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Our Journal

A Third Gaze: Life drawing with Paris College of Art

BA (Hons) Painting, Drawing & Printmaking student Karmin O’Brien explores the possibility of a digital third gaze during our Paris College of Art life drawing collaboration event.

Guest writer: Karmin O'Brien, BA (Hons) Painting, Drawing & Printmaking student


On Friday 11 February, in time for 8am, myself and students from various years and courses raced to the Drawing Lab to participate in a virtual life drawing event with Paris College of Art. I decided to draw predominantly with charcoal for the day as this is the medium I feel most confident with - there is so much variety to the medium which I really enjoy. I also started using ink but applied this to the paper with a pencil as it gives you such a sharp, deep line.

The aim of this session was to experience the differences of drawing the body from life with our life model; in comparison to drawing Paris’ life model through a digital live stream. When students were offered the opportunity to be a part of this event I jumped at the chance. Life drawing is a major part of my creative practice and is something I believe is incredibly important within art education. Life drawing is not just about training and honing your skills in perception and being able to translate this onto paper, it is also about connection, empathy and dignity.

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Karmin and her fellow students taking part in life drawing with Paris College of Art.

For half of the morning, all of us in Plymouth drew Paris’ life model through their digital live stream onto paper. I personally found that the impact this had on my drawing was that I created more expressive drawings due to the detail that gets lost through the live stream. The border of the screen was also already set up, you couldn't see any more than the camera was providing. Therefore, when it came to drawing from our own life model in the second half of the session, I could focus more on the details and make my own decisions on how much I wanted to include in my own drawing; and where I wanted the border of my drawing to stop.

As part of these experiences, we also downloaded digital drawing apps to use on our phones to draw the life models on screen. For me, digitally drawing a life model was very dissatisfying due to the lack of physicality in materials. Neither digital nor physical drawing is better than the other; they are just different.

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Plymouth College of Art x Paris College of Art Drawing event.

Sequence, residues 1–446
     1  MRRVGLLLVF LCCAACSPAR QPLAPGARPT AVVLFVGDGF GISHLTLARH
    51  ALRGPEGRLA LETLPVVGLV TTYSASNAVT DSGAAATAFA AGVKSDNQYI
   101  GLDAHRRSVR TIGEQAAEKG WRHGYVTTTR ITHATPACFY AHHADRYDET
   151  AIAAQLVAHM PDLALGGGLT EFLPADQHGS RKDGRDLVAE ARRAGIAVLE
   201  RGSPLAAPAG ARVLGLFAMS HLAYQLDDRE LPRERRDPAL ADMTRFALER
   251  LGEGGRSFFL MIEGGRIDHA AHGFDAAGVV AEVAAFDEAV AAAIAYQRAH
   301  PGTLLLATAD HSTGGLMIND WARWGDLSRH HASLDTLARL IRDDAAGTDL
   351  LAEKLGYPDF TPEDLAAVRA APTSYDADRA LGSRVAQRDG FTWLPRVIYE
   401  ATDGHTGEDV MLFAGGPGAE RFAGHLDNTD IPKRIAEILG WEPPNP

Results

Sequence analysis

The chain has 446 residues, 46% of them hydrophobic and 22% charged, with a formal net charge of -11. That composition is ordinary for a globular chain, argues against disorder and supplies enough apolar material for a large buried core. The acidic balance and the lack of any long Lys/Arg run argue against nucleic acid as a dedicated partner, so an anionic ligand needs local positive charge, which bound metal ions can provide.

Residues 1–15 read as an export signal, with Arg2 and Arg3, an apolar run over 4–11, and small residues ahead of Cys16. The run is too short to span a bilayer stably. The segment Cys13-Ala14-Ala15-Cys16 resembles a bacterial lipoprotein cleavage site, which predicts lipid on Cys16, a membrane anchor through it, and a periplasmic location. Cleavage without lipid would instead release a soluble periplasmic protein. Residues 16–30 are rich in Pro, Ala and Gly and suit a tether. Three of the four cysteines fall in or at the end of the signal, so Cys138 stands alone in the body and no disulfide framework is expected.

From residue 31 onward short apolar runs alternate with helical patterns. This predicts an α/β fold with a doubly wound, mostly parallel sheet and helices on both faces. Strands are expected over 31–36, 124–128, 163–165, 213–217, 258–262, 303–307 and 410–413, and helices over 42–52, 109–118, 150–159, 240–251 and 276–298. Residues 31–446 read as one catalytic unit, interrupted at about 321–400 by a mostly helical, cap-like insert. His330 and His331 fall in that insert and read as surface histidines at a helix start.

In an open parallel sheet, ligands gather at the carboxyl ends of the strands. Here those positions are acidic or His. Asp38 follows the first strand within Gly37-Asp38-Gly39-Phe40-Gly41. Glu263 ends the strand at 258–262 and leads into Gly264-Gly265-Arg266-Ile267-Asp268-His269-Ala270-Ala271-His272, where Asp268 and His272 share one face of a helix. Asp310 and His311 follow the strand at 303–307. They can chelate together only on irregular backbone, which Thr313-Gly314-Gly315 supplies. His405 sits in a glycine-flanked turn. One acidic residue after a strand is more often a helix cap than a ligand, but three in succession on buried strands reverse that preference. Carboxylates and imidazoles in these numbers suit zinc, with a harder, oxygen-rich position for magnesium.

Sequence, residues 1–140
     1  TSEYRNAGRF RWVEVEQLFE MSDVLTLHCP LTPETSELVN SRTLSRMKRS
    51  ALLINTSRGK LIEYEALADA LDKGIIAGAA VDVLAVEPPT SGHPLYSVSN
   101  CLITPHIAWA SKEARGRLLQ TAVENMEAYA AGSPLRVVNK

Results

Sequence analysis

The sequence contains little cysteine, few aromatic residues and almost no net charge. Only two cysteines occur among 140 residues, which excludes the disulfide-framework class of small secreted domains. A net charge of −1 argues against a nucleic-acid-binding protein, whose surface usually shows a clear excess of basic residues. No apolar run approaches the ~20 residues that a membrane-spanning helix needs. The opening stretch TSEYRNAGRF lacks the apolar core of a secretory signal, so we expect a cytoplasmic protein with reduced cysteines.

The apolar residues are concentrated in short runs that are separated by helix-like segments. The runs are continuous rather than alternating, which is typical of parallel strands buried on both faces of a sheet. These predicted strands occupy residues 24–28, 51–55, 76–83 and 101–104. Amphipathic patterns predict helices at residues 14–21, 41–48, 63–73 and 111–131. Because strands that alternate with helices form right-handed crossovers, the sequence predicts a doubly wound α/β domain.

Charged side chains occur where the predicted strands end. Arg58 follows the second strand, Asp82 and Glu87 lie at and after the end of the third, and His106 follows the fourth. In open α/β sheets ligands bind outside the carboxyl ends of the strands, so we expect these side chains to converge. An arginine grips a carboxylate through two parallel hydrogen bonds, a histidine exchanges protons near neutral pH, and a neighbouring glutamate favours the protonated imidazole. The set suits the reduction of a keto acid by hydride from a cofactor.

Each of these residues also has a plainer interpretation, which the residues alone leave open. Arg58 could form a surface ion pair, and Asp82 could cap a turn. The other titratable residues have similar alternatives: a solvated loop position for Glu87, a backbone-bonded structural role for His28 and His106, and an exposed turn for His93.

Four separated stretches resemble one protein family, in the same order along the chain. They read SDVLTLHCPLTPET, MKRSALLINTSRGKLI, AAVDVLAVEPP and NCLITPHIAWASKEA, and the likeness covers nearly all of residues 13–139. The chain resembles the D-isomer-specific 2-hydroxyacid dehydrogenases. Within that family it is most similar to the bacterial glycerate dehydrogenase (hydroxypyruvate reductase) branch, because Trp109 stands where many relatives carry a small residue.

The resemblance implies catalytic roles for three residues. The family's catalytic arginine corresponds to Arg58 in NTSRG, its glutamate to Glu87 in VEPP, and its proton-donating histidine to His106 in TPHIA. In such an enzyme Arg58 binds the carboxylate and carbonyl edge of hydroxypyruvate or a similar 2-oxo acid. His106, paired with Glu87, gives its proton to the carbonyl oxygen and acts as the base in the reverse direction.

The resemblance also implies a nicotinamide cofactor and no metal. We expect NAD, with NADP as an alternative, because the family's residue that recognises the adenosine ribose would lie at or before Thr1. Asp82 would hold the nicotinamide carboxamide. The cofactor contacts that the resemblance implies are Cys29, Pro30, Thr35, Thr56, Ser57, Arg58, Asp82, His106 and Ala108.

With Paris College of Art, we drew for five hours; from 8am until 1pm. This was undoubtedly exhausting but equally rewarding and challenging. After lunch, we continued our life drawing without Paris for another three hours. There were clear differences between drawing a life model who is in the room with you in comparison to through a screen. One key thing that was clear to me is that there is absolutely no hiding in real life. When the model is in the room with you there is a direct presence that encourages empathy and you find yourself being confronted by the ‘other’. It is about recognising their need to be alive and themselves. In a life drawing room, you are inhabiting all senses of the environment by not only looking; but listening and smelling too. You can hear the breath, see the gaze and sweat. Online, however, there is a clear separation from this.

Since the Covid-19 pandemic, our relationship as a society with the digital world has changed. We have heavily relied on the digital world to carry our lives as much as possible through video calls and other online communication in order to keep in contact because physically, we couldn't. As a result of this, we have developed another way of looking. This third gaze is separate from the male and female gaze and is more about viewing somebody through the digital world. I felt this when drawing from the screen of Paris’ life models, in the Drawing Lab in Plymouth we never received a returning gaze, which is something you do experience in life drawing physically. Although the life model in Paris knew we were drawing him, the lack of physical presence and returning gaze was quite strange. I felt it expanded the separation between us and the life model.

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Karmin taking part in the life drawing session in our Drawing Lab.

Richard Kenton Webb, the Subject Leader of my course BA (Hons) Painting, Drawing & Printmaking, Véronique Devoldere, the chair of Fine Art and the MA/MFA in Drawing at Paris College of Art, and Jan-Philipp Fruehsorge, the director of The Drawing Hub in Berlin and a lecturer at Paris College of Art; led this event.

The aim of the event was to question how we can harness these experiences of drawing through the digital and physical space. In October 2022, Richard is holding a Drawing Conference at Plymouth College of Art based on this event which I am really looking forward to. Students that participated in the event in Paris are also flying over to join the conference which is incredibly exciting.

As a group in the Drawing Lab, throughout the day we as a collective held a sense of unity and therefore were understanding ourselves through the other. You are not only looking at the model but at yourself.

Keep up to date with Karmin’s work on Instagram @karminrosanna_art